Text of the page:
Motor-evoked potentials in awake rats are a valid method of assessing hepatic encephalopathy and of studying its pathogenesis

Marc Oria, Nicolas Chatauret, Laia Chavarria, Jordi Romero-Giménez, Lluis Palenzuela, Benjamin Pardo-Yules, José Antonio Arranz, Guillermo Bodega, Núria Raguer, Juan Córdoba

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12 Citations (Scopus)

Abstract

Experimental models of hepatic encephalopathy (HE) are limited by difficulties in objectively monitoring neuronal function. There are few models that examine a well-defined neuronal pathway and lack the confounding effects of anesthetics. Motor-evoked potentials (MEPs) assess the function of the motor tract, which has been shown to be impaired in patients with cirrhosis. MEPs were elicited by cranial stimulation (central) and compound motor action potential by sciatic nerve stimulation (peripheral) in several models of HE in the rat. The experiments were performed using subcutaneous electrodes without anesthetics. Brain water content was assessed by gravimetry, brain metabolites were measured by magnetic resonance spectroscopy, and amino acids in microdialysates from the frontal cortex were analyzed by high-performance liquid chromatography. Abnormalities of MEP were observed in acute liver failure (ALF) induced by hepatic devascularization in relation to the progression of neurological manifestations. Similar disturbances were seen in rats with portocaval anastomosis after the administration of blood or lipopolysaccharide, but were absent in rats with biliary duct ligation. Hypothermia (≤35°C) and mannitol prevented the development of brain edema in acute liver failure, but only hypothermia avoided the decrease in the amplitude of MEP. Disturbances of MEP caused by the administration of blood into the gastrointestinal tract in rats with portocaval anastomosis were associated with an increase in ammonia, glutamine, and glutamate in brain microdialysate. Conclusion: Assessment of MEP in awake rats is a valid method to monitor HE in models of ALF and precipitated HE. This method shows the lack of efficacy of mannitol, a therapy that decreases brain edema, and relates disturbances of the function of the motor tract to ammonia and its metabolites. Copyright © 2010 American Association for the Study of Liver Diseases.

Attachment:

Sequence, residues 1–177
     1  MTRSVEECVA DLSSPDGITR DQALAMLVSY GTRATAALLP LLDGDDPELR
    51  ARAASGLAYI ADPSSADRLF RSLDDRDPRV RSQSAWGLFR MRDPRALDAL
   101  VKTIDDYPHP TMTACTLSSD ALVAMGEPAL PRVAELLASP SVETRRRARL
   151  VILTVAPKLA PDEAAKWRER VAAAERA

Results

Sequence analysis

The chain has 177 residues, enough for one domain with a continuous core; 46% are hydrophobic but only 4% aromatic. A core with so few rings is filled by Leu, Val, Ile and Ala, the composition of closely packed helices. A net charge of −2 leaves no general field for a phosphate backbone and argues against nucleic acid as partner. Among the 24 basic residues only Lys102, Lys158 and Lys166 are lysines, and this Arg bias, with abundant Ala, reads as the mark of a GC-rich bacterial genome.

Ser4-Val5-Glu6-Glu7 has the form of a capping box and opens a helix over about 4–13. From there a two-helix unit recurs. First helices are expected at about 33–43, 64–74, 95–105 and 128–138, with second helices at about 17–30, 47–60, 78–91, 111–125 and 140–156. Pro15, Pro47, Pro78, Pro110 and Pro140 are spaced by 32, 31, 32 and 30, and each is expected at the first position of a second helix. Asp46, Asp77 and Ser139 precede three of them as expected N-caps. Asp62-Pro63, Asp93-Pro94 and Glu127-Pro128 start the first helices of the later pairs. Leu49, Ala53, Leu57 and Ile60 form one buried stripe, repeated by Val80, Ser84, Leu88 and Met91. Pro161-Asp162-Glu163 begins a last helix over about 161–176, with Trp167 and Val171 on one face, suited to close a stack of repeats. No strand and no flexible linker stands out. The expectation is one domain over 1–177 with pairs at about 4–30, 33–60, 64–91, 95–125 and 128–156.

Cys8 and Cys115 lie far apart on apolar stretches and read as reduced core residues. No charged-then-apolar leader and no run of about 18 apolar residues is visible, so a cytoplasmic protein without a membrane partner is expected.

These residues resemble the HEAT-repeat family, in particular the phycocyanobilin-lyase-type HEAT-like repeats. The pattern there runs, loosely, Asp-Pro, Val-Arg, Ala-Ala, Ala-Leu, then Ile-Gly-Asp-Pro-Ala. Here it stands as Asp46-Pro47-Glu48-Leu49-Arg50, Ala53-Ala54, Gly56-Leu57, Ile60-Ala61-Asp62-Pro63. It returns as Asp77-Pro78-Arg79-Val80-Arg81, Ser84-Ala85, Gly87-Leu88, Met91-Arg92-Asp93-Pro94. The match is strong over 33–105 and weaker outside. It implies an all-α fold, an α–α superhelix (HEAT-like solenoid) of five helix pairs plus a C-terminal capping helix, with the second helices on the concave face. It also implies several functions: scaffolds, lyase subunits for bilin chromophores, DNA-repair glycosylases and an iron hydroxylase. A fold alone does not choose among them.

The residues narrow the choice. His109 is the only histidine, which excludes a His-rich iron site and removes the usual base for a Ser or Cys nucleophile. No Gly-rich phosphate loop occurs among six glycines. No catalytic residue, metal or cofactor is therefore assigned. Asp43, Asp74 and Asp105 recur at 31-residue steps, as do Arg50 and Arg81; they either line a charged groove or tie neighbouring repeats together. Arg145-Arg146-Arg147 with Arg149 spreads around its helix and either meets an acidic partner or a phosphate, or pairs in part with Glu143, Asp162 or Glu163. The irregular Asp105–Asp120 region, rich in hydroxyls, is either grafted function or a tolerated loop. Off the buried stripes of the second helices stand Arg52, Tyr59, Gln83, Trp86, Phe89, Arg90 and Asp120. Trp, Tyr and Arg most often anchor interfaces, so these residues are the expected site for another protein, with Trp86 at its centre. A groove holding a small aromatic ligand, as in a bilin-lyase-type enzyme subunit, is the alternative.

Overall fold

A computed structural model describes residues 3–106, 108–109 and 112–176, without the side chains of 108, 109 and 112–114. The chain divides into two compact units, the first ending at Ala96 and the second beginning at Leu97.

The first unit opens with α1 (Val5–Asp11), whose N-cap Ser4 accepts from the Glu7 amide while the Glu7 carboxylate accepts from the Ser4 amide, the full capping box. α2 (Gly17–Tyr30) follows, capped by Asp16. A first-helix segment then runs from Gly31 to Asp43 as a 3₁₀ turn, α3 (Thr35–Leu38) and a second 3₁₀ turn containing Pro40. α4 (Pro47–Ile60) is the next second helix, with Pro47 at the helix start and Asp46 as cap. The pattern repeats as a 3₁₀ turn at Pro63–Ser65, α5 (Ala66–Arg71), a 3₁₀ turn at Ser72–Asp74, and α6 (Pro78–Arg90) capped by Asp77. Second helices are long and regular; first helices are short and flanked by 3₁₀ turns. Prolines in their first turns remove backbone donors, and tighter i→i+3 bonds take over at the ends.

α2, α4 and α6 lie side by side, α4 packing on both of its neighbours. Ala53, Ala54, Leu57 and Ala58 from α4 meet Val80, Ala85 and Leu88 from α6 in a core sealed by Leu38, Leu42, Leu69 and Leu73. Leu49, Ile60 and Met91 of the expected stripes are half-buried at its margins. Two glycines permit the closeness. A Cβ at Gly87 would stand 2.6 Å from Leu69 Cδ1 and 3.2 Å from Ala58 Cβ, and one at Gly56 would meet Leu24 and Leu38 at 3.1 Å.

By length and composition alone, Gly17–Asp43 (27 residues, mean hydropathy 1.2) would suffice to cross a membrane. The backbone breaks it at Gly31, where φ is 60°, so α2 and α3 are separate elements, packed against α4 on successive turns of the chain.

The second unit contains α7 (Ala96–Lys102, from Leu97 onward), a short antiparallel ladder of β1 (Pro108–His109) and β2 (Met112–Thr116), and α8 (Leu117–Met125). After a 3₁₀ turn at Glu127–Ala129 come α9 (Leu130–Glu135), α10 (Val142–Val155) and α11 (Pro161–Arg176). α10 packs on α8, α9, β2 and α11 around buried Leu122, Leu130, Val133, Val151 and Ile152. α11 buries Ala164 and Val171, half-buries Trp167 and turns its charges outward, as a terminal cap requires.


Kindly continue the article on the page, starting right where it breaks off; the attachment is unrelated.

Original languageEnglish
Pages (from-to)2077-2085
JournalHepatology
Volume52
Issue number6
DOIs
Publication statusPublished - 1 Dec 2010

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